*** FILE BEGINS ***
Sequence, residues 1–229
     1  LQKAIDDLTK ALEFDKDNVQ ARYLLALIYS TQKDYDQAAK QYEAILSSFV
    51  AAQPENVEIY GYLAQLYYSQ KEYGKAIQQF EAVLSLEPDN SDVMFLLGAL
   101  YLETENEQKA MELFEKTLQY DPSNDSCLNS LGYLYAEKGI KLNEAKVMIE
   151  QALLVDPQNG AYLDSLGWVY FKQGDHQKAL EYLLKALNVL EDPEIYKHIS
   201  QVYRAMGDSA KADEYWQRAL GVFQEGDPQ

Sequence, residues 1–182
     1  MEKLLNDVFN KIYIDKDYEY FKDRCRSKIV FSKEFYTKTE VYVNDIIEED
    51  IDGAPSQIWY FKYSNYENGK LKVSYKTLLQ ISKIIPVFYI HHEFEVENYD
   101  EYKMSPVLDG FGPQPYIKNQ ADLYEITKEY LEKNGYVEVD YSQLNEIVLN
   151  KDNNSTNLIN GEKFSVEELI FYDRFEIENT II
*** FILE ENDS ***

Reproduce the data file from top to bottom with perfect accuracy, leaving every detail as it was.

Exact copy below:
Sequence, residues 1–229
     1  LQKAIDDLTK ALEFDKDNVQ ARYLLALIYS TQKDYDQAAK QYEAILSSFV
    51  AAQPENVEIY GYLAQLYYSQ KEYGKAIQQF EAVLSLEPDN SDVMFLLGAL
   101  YLETENEQKA MELFEKTLQY DPSNDSCLNS LGYLYAEKGI KLNEAKVMIE
   151  QALLVDPQNG AYLDSLGWVY FKQGDHQKAL EYLLKALNVL EDPEIYKHIS
   201  QVYRAMGDSA KADEYWQRAL GVFQEGDPQ

Sequence, residues 1–182
     1  MEKLLNDVFN KIYIDKDYEY FKDRCRSKIV FSKEFYTKTE VYVNDIIEED
    51  IDGAPSQIWY FKYSNYENGK LKVSYKTLLQ ISKIIPVFYI HHEFEVENYD
   101  EYKMSPVLDG FGPQPYIKNQ ADLYEITKEY LEKNGYVEVD YSQLNEIVLN
   151  KDNNSTNLIN GEKFSVEELI FYDRFEIENT II